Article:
3. Money market accounts

Money market accounts (MMA) are savings accounts with checking account features. You write checks and make ATM withdrawals, but you may be limited to a certain number of transactions every month. Money market accounts may pay a higher interest rate than traditional savings accounts. If your money market account compounds interest, your balance grows quicker if you don’t withdraw funds. 

4. IRA accounts

With an individual retirement account (IRA), you put funds away toward your retirement. Compound interest accelerates the growth of your IRA over time. Your interest payment gets added to your balance. The next time around, your earnings are calculated on a higher balance.

Retirement funds can stay in your account for years. Because the accrued interest generates earnings, compounding can significantly grow your IRA over time. 

What you should look for in a compound interest account

Compound interest accounts have varying characteristics. Find the best compound interest account for your financial situation by considering the following:

1. Interest rates

Your interest rate is how much a bank pays to use your money. With a compound interest account, the interest rate is crucial when choosing an account. The higher the interest rate, the higher your earnings and  the faster your balance grows. 

2. Frequency of compounding

How often an account compounds interest determines what you earn. Compound interest accounts may calculate interest daily, monthly, quarterly, or annually. The more frequent the calculation, the more money you make.  

A compound interest calculator lets you easily compare accounts that calculate interest on different schedules.  

3. Minimum balance requirements

Some compound interest accounts require a minimum opening balance. Other times, you might be required to carry a minimum balance to get a more favorable interest rate. 

4. Accessibility and flexibility

Consider your financial situation when seeking a compound interest account. CDs often pay a higher interest rate, but you can’t touch the money until the end of the term. You earn more interest but could be penalized if you take the money out before the period ends. A high-yield savings or money market account may have a lower interest rate, but you can withdraw the funds without penalty.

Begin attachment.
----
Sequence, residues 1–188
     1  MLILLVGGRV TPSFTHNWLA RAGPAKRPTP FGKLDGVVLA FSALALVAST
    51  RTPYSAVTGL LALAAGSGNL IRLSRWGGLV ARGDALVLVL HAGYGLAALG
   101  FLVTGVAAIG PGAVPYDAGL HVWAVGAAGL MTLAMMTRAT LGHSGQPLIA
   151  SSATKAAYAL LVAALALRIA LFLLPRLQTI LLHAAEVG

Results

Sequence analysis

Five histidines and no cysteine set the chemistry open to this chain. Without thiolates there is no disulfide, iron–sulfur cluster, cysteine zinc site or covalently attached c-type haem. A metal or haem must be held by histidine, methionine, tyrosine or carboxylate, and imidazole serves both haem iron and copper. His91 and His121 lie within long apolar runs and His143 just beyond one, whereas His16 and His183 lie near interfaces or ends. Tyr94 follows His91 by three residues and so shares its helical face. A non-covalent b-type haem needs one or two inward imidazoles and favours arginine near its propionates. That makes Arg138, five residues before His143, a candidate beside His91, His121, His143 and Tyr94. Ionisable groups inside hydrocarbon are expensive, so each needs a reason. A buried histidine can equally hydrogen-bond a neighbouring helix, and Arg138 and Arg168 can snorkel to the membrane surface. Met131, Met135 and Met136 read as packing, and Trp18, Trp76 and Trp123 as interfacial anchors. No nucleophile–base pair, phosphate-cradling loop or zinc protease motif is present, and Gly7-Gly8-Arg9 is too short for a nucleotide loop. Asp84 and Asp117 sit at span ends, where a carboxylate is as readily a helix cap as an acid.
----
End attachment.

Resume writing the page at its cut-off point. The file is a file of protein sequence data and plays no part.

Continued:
5. Additional benefits and features

If possible, choose a compound interest account held at a Federal Deposit Insurance Corp. bank. Your balance is protected for up to $250,000. If the bank goes under, you won’t lose that money. 

Put your money to work with a compound interest account

With a compound interest account, your money works for you. As you earn interest, your balance grows.. Best of all, growing your savings with a compound interest account requires no extra effort. 


How often is interest paid out on a compound interest savings account?

Most compound interest accounts calculate interest every month. Some compound interest accounts may calculate interest every quarter or once a year.

Can I withdraw money from my compound interest savings account at any time?

Some compound interest savings accounts, such as high-yield or money market accounts, let you withdraw money at any time. With a CD or IRA, you could be charged a penalty if you withdraw early.

Is there a minimum balance requirement for a compound interest savings account?

While some compound interest savings accounts have minimum balance requirements, not every bank requires one.